Planners back a bigger Benn’s

Published 11:01 am Wednesday, December 6, 2017

By Ryan Kushner

Staff writer

Residents of Benn’s Grant say they were promised a serene view of the site’s two lakes when they first bought into the new development.

They’ll still get a view, Benn’s Grant developers proposed Tuesday. It will just include 28 condominiums in the middle of it.

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At its meeting Tuesday, Nov. 28, the Isle of Wight County Planning Commission voted 6-2 for more condominiums and more growth in the northern end of the county as it approved a conditional zoning amendment request from East West Communities, which is looking to rezone 26.43 acres of commercial and open space areas to residential in order to implement 216 additional housing units at Benn’s Grant.

With the weight of the Planning Commission and county staff now standing favorably behind it, the developer’s application will move on to the Isle of Wight Board of Supervisors for a final decision at a public hearing Thursday, Dec. 14. {mprestriction ids=”1,2,3,4,5,6″}

The Nov. 28 meeting was the third attempt from East West to heave the controversial rezoning proposal past the commission. The plan has been met with waves of passionate opposition from those residing in the budding community, some of whom have lived there as long as a year, some just a few months.

The offer of 216 more housing units on the development was paired down from the 231 units proposed at previous meetings by East West.

Commissioners tabled the application after a heated public hearing last month, in part so developers could meet with residents to work out a more amicable compromise over the open space between the lakes, which had been one of the most ire-inducing aspects of the proposal for residents.

The 28 condos are 10 fewer than originally proposed and will allow for 0.9 acre of more space in front of one of Lake 3 than in the previous proposal, according to the developers.

East West also altered its duplex and townhouse proposal, decreasing its townhouses from 105 to 84, and increasing its duplex units from 88 to 104.

East West said it would look to increase the site’s open space as well, offering to purchase acreage along the edges of the development around the lakes, where it plans to create walking trails, bringing the site’s open space acreage from 61 to 71.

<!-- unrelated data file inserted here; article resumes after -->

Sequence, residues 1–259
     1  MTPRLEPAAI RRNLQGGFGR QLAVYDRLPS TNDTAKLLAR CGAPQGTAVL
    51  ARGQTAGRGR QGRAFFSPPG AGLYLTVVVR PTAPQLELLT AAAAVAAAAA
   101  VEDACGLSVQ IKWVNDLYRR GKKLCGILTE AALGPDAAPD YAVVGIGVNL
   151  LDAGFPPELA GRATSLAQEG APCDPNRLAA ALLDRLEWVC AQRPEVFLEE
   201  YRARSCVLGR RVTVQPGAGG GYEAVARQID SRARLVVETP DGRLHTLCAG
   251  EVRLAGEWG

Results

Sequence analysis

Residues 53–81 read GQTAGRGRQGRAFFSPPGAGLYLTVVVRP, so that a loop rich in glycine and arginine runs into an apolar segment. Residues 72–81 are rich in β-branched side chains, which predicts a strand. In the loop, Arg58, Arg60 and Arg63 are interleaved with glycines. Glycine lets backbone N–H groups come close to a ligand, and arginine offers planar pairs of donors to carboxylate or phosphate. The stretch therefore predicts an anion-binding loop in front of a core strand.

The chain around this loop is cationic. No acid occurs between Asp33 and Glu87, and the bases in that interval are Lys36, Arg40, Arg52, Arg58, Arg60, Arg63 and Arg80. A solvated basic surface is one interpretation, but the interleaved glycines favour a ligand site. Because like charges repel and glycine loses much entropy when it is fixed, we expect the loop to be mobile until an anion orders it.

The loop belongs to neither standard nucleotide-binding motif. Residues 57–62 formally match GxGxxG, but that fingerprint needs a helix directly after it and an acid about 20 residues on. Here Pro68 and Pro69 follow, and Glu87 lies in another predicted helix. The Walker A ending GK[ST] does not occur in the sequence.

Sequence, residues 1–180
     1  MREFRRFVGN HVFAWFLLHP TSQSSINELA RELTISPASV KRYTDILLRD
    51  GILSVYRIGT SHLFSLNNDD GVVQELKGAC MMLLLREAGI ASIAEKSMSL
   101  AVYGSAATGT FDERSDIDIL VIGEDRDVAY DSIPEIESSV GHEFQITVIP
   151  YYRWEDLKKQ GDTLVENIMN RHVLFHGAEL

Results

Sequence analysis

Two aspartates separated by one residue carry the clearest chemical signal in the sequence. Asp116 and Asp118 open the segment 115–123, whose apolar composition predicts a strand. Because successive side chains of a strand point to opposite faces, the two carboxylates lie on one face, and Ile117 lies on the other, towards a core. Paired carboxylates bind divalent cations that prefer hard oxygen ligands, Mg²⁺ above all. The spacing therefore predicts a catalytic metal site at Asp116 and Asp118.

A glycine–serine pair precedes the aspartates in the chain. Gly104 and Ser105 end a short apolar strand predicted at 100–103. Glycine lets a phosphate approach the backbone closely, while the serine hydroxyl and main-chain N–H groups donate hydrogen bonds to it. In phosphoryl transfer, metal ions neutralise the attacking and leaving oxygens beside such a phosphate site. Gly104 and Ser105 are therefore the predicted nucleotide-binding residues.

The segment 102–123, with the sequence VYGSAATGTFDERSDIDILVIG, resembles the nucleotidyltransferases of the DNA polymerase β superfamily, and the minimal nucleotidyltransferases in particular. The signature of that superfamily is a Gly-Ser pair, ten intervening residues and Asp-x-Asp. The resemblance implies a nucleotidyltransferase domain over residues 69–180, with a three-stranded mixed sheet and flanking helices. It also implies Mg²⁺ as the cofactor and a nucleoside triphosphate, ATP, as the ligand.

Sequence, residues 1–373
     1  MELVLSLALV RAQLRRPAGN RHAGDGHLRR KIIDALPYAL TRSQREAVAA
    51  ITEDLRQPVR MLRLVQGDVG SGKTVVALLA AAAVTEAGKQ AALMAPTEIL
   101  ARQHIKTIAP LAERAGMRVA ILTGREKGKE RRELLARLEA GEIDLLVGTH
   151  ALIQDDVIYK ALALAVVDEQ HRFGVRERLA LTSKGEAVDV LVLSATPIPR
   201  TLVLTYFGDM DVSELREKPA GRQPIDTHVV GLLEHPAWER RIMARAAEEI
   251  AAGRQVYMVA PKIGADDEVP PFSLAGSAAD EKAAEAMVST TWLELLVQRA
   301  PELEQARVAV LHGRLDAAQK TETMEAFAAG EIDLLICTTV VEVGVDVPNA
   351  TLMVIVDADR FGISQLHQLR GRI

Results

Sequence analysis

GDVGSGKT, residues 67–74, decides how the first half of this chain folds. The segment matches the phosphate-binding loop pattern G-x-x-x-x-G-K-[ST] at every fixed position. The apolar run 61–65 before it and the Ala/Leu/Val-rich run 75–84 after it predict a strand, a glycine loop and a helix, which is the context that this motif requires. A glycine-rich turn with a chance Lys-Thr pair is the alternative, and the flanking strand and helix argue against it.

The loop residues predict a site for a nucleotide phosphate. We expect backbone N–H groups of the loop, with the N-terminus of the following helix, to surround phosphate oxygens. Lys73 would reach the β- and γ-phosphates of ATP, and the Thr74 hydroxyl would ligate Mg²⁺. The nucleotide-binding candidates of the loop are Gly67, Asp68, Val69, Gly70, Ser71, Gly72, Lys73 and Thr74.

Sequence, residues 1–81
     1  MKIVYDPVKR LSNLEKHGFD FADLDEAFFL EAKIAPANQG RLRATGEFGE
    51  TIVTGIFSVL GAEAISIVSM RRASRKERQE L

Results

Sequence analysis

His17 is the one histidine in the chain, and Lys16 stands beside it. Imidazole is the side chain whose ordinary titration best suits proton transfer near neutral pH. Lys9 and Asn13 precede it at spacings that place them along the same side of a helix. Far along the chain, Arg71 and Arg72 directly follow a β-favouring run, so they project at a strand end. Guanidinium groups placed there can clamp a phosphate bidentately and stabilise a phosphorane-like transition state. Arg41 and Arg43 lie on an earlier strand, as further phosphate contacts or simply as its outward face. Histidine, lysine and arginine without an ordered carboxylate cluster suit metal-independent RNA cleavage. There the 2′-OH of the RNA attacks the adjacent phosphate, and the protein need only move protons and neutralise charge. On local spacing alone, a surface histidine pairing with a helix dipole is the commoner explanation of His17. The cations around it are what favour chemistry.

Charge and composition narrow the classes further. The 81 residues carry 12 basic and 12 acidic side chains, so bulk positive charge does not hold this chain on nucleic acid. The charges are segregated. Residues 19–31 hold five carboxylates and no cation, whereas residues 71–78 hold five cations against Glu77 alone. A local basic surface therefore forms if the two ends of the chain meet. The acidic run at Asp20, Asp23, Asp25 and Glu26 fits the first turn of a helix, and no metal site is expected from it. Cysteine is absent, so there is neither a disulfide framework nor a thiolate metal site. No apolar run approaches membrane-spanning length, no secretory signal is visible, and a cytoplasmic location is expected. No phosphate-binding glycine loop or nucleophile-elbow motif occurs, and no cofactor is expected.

“We felt that we addressed that issue head on,” said East West Hampton Roads Division President Branch Lawson of open space.

Residents who spoke during the public comments portion of the meeting disagreed.

“Everyone in there that bought into the neighborhood were told about the open space and the two lakes,” said Steven Gurley. “That’s why I moved in there.”

“Give us what we were told we were going to have.”

Many residents have complained that the site is already starting to feel overcrowded as it is.

“I will just move, because I don’t want to be in a neighborhood where I feel more and more crowded every single week,” said Richard Harris, who lives on Oak Hill Lane in Benn’s Grant.

The impact that the increase in housing units might have on the county school system has been a subject of debate several months now. Superintendent of schools Dr. Jim Thornton has stated that the influx of potential students would be significant and spur the need for more transportation and classroom space. East West has insisted that the impact would be minimal.

The developers have been citing a capacity study commissioned in 2016 by the school division, which showed relatively stagnant growth in the schools over the next 10 years, but which did not take approved developments into account in its projections. It has since been disputed by the division, which saw an unexpected uptick of 55 students overall this year.

Commissioners Edward Hulick and Cynthia Taylor cast the only dissenting votes for the application.

Hulick said he believed the original enrollment study was flawed, and that schools in the northern end are already becoming crowded.

Taylor said that there are other places at the Benn’s Grant site the developer could move the 28 proposed condominiums.

“These lakes were designed for the enjoyment of all the residents there,” said Taylor, “not just the chosen few who happen to have their houses on the lake.”

Commissioners William Saunders and Thomas Duerig were absent.  {/mprestriction}